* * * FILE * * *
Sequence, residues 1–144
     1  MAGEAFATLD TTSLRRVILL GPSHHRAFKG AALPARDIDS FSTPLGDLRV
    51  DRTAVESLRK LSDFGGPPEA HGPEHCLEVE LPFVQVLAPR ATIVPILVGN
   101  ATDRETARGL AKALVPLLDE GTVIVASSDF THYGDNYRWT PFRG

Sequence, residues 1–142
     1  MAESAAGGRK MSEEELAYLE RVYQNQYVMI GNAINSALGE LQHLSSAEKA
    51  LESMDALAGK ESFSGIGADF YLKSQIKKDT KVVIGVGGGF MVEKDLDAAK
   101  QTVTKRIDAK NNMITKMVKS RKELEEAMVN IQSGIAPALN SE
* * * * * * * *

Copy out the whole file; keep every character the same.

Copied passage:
Sequence, residues 1–144
     1  MAGEAFATLD TTSLRRVILL GPSHHRAFKG AALPARDIDS FSTPLGDLRV
    51  DRTAVESLRK LSDFGGPPEA HGPEHCLEVE LPFVQVLAPR ATIVPILVGN
   101  ATDRETARGL AKALVPLLDE GTVIVASSDF THYGDNYRWT PFRG

Sequence, residues 1–142
     1  MAESAAGGRK MSEEELAYLE RVYQNQYVMI GNAINSALGE LQHLSSAEKA
    51  LESMDALAGK ESFSGIGADF YLKSQIKKDT KVVIGVGGGF MVEKDLDAAK
   101  QTVTKRIDAK NNMITKMVKS RKELEEAMVN IQSGIAPALN SE